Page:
No sooner did he announce the result than the chairperson apologised for the lapse in procedure. The endorsement of the recommendation to become a resolution needed to be passed through a secret electronic voting.

Trongsa, Wangdue, and Paro councillors asked the house to explore other measures before resorting to amending the Act.

Paro Councillor Kaka Tshering said the commission had some misunderstanding on the issues, which could be sorted out mutually.

“Amendment should be the last resort and we should exhaust all means,” he said.

The Council having deliberated the issue over the past year had come to the final session yesterday where they were to make a decision. It decided to amend the act.

By Tshering Palden

1 reply
  1. jampa
    jampa says:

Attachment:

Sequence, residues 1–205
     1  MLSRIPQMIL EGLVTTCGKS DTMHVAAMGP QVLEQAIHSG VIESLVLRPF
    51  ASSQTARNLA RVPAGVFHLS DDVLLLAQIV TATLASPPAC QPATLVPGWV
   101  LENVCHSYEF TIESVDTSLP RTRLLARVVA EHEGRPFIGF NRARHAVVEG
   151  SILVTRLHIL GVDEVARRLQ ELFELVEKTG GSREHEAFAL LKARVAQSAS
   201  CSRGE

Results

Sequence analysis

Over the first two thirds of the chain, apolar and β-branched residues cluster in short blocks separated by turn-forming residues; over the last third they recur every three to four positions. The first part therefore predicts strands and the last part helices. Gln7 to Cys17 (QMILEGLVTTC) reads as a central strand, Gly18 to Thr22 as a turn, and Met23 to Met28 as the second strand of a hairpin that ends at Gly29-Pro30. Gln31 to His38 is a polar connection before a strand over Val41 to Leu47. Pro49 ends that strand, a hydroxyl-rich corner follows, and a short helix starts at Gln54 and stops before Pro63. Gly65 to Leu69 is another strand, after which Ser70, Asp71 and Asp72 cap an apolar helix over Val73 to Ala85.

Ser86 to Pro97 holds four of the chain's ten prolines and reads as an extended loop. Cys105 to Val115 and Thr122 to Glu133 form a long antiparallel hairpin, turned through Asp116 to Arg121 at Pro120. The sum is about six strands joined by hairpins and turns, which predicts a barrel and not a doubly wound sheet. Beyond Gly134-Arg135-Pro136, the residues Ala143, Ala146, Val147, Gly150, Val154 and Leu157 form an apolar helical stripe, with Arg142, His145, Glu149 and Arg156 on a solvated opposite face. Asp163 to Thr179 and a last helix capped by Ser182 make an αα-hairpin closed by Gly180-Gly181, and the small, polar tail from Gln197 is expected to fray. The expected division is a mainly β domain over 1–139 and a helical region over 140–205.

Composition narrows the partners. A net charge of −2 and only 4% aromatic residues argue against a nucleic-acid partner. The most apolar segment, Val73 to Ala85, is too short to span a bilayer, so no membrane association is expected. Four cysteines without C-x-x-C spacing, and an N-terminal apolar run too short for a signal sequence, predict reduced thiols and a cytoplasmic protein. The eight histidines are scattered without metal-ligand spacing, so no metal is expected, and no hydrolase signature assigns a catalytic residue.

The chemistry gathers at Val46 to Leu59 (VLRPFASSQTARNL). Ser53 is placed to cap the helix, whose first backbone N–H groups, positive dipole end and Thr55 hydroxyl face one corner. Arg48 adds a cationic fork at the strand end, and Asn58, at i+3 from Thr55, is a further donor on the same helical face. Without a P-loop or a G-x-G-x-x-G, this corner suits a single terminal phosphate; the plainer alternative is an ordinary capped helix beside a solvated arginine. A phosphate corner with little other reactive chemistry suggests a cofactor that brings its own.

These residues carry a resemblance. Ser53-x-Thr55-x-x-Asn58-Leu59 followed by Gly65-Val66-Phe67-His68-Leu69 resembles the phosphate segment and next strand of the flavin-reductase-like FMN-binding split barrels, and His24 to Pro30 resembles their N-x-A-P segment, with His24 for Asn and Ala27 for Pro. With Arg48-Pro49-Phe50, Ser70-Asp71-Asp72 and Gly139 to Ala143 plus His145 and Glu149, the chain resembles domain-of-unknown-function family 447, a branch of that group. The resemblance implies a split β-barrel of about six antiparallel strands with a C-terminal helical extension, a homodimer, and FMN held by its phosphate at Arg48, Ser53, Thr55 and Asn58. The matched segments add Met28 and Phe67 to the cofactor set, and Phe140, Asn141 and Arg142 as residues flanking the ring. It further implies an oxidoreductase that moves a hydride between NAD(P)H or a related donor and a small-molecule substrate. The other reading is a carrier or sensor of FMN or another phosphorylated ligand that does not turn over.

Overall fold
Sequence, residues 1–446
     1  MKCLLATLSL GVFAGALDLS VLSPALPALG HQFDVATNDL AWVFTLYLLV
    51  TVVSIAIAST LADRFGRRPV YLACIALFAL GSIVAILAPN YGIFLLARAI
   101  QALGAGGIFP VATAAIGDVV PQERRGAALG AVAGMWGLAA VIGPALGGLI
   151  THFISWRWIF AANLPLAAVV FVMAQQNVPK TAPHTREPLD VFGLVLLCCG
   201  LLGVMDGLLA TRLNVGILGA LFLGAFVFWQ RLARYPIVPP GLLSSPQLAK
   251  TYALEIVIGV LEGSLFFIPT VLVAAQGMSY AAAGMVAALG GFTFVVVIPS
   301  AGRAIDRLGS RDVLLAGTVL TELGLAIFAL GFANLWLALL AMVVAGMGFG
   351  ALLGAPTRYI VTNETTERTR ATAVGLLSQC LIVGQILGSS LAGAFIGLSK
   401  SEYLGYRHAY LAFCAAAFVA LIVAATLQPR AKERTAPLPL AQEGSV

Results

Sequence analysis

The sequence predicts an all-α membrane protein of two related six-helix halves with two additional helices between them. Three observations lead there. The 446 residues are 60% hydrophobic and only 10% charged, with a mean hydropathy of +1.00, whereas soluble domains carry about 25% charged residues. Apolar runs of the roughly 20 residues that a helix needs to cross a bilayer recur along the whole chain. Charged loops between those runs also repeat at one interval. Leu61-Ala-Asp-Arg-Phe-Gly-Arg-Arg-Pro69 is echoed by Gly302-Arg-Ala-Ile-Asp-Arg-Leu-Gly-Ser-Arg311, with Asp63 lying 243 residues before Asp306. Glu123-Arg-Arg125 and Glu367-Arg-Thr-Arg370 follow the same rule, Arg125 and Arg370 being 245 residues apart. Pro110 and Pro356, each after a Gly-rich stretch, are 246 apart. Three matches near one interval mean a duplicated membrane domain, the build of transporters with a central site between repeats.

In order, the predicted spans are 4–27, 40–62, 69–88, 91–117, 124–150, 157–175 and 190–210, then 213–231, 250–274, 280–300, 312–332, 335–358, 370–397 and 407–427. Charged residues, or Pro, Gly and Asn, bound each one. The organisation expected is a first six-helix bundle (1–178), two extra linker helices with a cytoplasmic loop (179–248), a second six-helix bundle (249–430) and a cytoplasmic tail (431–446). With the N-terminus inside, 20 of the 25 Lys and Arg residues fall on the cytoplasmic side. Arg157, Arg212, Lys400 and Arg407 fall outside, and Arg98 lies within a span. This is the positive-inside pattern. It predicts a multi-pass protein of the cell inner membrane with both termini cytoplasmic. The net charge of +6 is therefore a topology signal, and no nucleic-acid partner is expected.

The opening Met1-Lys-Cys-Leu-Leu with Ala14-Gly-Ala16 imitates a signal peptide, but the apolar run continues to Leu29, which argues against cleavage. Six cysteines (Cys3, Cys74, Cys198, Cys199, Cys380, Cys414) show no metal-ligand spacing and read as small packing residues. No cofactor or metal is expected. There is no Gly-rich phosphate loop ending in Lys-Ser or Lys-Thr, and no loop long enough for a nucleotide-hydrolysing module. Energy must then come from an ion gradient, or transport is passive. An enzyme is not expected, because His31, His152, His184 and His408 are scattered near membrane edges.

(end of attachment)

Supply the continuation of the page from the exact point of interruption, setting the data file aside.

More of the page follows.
I do fervently believe that Bhutanese must be allowed to vote from the place of resident and online voting must not be opted as an option to go forward. Ensuring secure vote and non-repudiation to each vote being cast will require policy enactment or amendment, infrastructure development and elite Bhutanese. Given Bhutanese demography constituting exceptional Dzongkha literates in comparison to English literates. Conventional voting (paper ballot) methode must be adopted to a high-tech online system and postal ballots. Later equally shares a troubling fate of votes being undelivered on time owing to fragile road networks aggravated by frequent blacktopping, widening and natural calamities. Which could also lead to ballots being manipulated and lost. We are a small country with pro rata population, a blessing in disguise to adopt eloquent conventional methods against complex enticing technological choices.